Deaf People Need Access to Information During Emergencies, Too

A wedding photo of the author and her husband.
Photo courtesy of the author

The following post is part of our series on perspectives from disabled and chronically ill people regarding COVID-19. This post is not intended as medical advice.


70 days.

That was when the last time I saw my Italian husband, on the day he departed for Italy from Las Vegas, Nevada, where my family lives. I had decided to remain in the United States for other reasons.

This was when the possibility of a COVID-19 pandemic affecting us both in the United States and Italy seemed so far away. I would return to Italy at around the end of February as planned.

Then Italy became the epicenter of the COVID-19 outbreak in Europe. The U.S. banned flights from the E.U. Italy went into a country-wide lockdown. My husband and I are separated by the Atlantic Ocean, thousands of miles apart – uncertain when we will be reunited again. But that’s okay. The most important thing is for us to remain safe and healthy.

As an American citizen and permanent resident of Italy, I have the right to enter either country during travel restrictions. But I chose to remain in the United States to practice “social distancing” to protect myself, my family, and the communities in the U.S. and Italy, no matter how hard it is to be away from my husband and Italian family members for months.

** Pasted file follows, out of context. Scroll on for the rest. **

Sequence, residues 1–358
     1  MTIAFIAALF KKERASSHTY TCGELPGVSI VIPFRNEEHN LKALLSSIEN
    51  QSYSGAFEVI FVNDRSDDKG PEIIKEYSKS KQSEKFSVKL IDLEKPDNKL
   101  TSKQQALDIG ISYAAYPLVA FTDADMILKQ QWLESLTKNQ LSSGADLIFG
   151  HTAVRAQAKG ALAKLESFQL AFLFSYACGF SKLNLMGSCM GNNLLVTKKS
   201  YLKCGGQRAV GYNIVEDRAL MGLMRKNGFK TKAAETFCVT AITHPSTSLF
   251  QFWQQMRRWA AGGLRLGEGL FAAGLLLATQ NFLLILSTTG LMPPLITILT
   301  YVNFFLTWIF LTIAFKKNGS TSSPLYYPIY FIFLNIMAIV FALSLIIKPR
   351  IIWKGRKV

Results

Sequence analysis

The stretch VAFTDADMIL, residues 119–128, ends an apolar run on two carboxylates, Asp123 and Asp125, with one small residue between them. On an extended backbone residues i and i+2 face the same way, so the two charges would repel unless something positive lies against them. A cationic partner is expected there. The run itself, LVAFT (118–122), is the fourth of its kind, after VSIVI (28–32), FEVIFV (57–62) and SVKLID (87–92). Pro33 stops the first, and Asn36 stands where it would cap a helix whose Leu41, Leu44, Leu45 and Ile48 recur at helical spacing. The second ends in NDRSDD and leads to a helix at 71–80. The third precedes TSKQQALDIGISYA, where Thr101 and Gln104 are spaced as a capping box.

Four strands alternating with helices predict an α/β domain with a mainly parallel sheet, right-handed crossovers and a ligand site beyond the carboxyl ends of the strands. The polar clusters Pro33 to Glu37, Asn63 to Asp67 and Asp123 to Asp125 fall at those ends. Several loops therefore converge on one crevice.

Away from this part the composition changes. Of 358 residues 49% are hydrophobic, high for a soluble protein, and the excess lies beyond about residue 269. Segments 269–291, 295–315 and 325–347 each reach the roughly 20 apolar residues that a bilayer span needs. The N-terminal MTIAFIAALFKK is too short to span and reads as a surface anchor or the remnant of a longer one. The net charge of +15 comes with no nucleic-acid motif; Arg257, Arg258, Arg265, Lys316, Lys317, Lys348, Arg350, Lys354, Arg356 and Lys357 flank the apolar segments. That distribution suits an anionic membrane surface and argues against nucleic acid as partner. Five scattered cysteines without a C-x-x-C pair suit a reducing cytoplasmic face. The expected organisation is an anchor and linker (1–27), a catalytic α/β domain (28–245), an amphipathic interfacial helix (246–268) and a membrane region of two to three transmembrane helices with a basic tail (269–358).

I am a young, deaf woman who uses both Cochlear Implant and sign language. Deaf people need access to critical information during emergencies like COVID-19.

In the U.S., I am comfortable with English and American Sign Language (ASL). In Italy, I know enough Italian to get around but reading official announcements from the government is still very difficult for me to understand fully. Fortunately, I can understand Italian Sign Language (known as Lingua dei Segni Italiana or LIS) better than Italian so LIS is more accessible for me, a deaf foreigner living in Italy.